Dye Migration, the Screenprinter’s Nemesis. Part 1

Dye migration is one of the biggest issues in screenprinting these days. I get more calls to help with this problem than with any other. It can be really insidious, as you can sometimes print and it doesn’t show up for weeks.

I”ll cover a few topics this week, starting with testing the fabric.

We previously covered a test for dye migration in an earlier Ink Kitchen post.

In that post we just covered polyester, but all kinds of fabrics can have unstable dyes that will migrate into your printed ink and cause unsightly discoloration.

The test is the same for any fabric, put a few drops of plasticizer (the part of the ink that won’t cure by itself, a clear liquid sometimes called non-curable reducer.) Then heat the fabric and a white cotton swatch to 320 degree F. for thirty seconds with a heat press and see how much dye comes on to the white. No color or only a little and you are usually safe with any ink, then progressively with increased color comes an increasingly aggressive array of inks that will block that dye migration.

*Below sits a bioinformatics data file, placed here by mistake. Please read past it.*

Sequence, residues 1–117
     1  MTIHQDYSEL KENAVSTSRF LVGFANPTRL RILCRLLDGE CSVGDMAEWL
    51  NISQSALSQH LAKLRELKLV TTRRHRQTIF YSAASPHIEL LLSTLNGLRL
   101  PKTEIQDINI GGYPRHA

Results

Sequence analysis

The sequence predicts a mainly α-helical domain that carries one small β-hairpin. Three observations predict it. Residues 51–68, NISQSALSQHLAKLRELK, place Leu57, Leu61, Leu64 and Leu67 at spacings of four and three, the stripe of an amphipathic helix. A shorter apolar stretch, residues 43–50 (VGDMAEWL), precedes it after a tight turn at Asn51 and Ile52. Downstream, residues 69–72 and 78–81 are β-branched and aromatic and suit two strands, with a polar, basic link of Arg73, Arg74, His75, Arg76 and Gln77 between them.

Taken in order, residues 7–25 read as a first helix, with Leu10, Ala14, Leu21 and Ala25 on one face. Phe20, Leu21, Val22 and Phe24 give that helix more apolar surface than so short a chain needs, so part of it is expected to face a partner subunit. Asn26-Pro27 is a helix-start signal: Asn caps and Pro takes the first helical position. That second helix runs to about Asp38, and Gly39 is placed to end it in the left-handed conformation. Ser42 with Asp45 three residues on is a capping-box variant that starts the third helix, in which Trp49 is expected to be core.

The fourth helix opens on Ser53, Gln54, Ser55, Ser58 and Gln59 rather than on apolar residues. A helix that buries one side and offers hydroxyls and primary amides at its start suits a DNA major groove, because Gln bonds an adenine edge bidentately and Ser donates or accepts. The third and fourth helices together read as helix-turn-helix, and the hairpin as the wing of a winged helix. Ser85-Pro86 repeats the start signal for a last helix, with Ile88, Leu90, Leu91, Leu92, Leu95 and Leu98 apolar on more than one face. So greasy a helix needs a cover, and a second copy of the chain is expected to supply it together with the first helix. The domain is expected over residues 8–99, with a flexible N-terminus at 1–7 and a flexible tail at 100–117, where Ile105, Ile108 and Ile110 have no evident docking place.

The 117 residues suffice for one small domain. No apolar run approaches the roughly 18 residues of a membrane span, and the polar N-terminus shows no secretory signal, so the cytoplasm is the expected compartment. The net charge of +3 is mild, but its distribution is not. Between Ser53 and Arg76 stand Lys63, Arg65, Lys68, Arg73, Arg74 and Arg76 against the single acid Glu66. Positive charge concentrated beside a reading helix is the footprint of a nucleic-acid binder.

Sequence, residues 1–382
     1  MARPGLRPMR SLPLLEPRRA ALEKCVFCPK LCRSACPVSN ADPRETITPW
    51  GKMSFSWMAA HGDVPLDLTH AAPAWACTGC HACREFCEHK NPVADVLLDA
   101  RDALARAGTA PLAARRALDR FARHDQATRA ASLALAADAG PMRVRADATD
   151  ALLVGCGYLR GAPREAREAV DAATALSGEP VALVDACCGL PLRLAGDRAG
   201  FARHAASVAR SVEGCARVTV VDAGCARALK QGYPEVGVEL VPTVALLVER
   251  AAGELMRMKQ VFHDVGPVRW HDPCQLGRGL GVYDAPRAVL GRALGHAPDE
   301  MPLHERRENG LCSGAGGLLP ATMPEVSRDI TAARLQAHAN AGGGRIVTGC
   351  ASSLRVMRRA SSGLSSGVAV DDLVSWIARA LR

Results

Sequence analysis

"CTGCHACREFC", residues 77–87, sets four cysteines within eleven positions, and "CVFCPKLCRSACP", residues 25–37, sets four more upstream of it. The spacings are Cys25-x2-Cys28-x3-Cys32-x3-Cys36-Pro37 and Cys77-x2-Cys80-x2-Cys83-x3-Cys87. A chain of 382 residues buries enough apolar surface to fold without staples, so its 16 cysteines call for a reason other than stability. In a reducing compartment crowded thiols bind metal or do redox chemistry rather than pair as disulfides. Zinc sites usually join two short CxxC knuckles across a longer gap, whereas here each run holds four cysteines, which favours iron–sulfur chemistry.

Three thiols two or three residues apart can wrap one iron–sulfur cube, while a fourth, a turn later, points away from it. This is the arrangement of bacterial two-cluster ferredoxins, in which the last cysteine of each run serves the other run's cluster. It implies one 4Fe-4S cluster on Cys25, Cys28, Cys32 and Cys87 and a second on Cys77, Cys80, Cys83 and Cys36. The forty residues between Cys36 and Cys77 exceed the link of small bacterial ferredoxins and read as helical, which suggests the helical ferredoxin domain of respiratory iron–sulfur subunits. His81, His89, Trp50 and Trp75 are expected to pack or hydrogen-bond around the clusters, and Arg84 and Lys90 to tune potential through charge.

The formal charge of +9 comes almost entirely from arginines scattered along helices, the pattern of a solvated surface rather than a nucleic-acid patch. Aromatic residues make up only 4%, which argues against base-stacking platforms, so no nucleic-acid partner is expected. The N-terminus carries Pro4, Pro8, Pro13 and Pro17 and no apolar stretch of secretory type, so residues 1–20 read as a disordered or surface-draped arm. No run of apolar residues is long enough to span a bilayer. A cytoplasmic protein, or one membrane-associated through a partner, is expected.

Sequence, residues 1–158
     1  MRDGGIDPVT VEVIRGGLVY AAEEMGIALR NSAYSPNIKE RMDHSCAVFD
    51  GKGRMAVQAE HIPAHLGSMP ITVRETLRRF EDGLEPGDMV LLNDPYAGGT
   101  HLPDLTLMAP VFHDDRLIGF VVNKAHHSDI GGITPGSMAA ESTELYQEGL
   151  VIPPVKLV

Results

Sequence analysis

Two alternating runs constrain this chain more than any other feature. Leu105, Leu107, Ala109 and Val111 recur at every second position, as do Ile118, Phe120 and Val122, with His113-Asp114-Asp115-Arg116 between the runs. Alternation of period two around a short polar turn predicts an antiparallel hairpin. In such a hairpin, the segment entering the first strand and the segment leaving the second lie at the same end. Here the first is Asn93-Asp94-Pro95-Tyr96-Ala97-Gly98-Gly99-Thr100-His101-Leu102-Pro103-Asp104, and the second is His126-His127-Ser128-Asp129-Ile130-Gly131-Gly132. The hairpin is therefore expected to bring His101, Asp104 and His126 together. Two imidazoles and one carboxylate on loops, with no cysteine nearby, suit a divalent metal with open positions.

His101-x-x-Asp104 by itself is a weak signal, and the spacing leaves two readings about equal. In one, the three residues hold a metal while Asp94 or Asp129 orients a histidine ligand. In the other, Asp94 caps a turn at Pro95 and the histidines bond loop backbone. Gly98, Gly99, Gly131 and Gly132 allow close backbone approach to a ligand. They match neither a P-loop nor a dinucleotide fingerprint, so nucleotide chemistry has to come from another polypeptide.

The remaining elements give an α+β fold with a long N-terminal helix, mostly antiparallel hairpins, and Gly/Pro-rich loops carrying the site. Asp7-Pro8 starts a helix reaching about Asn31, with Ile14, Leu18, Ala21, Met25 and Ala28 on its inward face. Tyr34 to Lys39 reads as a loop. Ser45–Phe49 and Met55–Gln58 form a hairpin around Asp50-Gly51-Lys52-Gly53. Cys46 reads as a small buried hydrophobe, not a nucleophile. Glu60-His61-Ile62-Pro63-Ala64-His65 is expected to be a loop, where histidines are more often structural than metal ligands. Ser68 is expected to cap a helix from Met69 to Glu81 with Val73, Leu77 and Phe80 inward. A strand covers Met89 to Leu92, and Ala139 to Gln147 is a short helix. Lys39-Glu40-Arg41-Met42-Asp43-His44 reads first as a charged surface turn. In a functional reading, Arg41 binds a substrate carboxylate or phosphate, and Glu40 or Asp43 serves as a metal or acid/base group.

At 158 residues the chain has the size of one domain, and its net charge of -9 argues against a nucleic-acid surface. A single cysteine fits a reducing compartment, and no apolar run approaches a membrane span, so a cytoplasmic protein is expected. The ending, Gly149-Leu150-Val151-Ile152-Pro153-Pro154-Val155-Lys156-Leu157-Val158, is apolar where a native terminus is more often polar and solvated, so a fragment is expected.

The bright red spot that follows in the series of photos is polyester which is a terrible “bleeder” but in that photos that follow that one there is a garment dyed 100% cotton shirt that bled moderately, a 50/50 shirt that bled slightly, a cotton shirt that didn’t bleed at all,  and surprisingly a tri-blend shirt from San Mar that didn’t bleed at all in this case. What  you should conclude is that you need to test just about any shirt that is new to you in order to know what you are dealing with. More this week in the coming days about what is means to be “dealing with it.”

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